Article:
While I find spider plants (Chlorophytum comosum) generally easy to care for, they are still susceptible to damage from numerous pests and diseases. In my experience, these include sap-sucking pests as well as multiple diseases. To keep your plant healthy, provide the proper environment and treat pests and diseases as soon as you notice them with a suitable pesticide or insecticide solution tailored to the specific problem.
Bacterial Leaf Spot
If you notice dark leaf spots with a sticky ooze, your spider plant may suffer from bacterial leaf spots. This disease often occurs in areas with poor circulation or high humidity.
To prevent this disease, avoid splashing water on your plant’s leaves when you water. Additionally, provide your plant with good airflow.
Removing the infected leaves and improving circulation will typically eliminate this problem and is my preferred form of pest control.
This fungus covers your spider plant with a powdery coating. It’s most likely to occur under humid conditions with poor airflow.
To stop the spread of powdery mildew, I improve airflow using a fan. You can treat the fungus with a copper spray if your plant is severely impacted.
Numerous tiny, sap-sucking pests attack spider plants. All of these pests use their piercing mouthparts to suck out plant juices.
These pests may appear in any environment, but they may occur more often in hot and dry environments.
Keep an eye out for the following sap-sucking pests.
- Aphids are 1/16 to 1/8 of an inch. They may be green, yellow, black, red, gray, or other colors.
- Spider mites are 1/50th of an inch. Since they are so small, you might see their spider-like webs before noticing the pests themselves.
- Thrips are oblong pests that range in size from 1/20 to 1/2 of an inch. Their colors vary from light yellow to dark brown.
- Mealybugs resemble tiny pieces of fluffy, white cotton.
- Whiteflies have two distinct white wings. They may be 1/16 to 1/10 inches long.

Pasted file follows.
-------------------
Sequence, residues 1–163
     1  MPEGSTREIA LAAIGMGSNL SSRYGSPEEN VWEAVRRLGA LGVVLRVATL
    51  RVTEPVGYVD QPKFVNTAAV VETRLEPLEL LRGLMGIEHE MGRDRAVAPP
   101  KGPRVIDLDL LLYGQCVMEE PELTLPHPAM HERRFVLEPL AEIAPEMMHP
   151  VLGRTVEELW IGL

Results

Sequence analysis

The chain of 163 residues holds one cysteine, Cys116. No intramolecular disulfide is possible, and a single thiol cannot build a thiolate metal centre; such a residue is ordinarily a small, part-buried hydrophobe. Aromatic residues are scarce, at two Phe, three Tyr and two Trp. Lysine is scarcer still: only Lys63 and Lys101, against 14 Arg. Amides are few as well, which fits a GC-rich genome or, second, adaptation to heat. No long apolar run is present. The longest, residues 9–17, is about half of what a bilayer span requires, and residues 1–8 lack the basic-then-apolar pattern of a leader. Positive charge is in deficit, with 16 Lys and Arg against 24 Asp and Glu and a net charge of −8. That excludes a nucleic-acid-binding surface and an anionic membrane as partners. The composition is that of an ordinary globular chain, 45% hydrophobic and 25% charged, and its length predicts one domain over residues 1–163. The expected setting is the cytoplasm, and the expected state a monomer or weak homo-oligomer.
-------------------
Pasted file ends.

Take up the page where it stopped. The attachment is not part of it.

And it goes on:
Small numbers of these pests generally won’t cause much damage to spider plants, but larger infestations can cause new tissue to die and lead to yellow or brown spider plant leaves or overall wilting of the plant. These pests can be especially harmful to the spiderettes that form on the ends of plant leaves.
As these pests feed, they secrete a sticky substance known as honeydew. While the honeydew itself won’t harm your spider plant, it can lead to the formation of sooty mold. This dark mold can inhibit photosynthesis and lead to plant decline.
I treat these pests by using insecticidal soap, horticultural oil, or neem oil. While these options generally curb pest numbers, you can turn to synthetic pesticides if you’re still having problems.
While fungus gnats generally don’t cause serious harm to spider plants, they can quickly become annoying. Over time, the tiny larvae may cause noticeable damage as they feed on plant roots.
If you’ve never dealt with fungus gnats, they look like small flies. Like many small insects, they have a short lifecycle, so their numbers can rapidly increase.
The adults lay eggs on the surface of moist potting soil. Once these eggs hatch, the larvae feed on organic matter in the soil and plant roots. After about two weeks, the larvae emerge as adults.
It’s easier to prevent fungus gnats than it is to treat them. Avoid overwatering your plants, as fungus gnats favor wet soils. Additionally, check all new plants for these pests before bringing them into your home.
If you’d like to treat the fungus gnats, you can use yellow sticky traps or the bacteria Bacillus thuringiensis israelensis (Bti).
Pesticide and Insecticide Options
Oils like mineral oil and canola oil can be used to suffocate soft-bodied insects. These products can effectively treat aphids, thrips, spider mites, and more.
For effective control, you must thoroughly coat insects with horticultural oil. Apply every week until the pests are diminished.
This horticultural oil from Bonide (via Amazon) comes pre-diluted in a spray bottle.
While neem oil is a type of horticultural oil, it deserves its own recognition. This product is made from the seeds of the neem tree.
While it can kill soft-bodied pests by suffocating them, it also has another mode of action. Neem oil contains compounds such as azadirachtin that disrupt an insect’s natural life cycle.
When applying neem oil, mix the oil with water following product directions. Use a spray bottle to apply the mixture, and aim to make direct contact with the pests.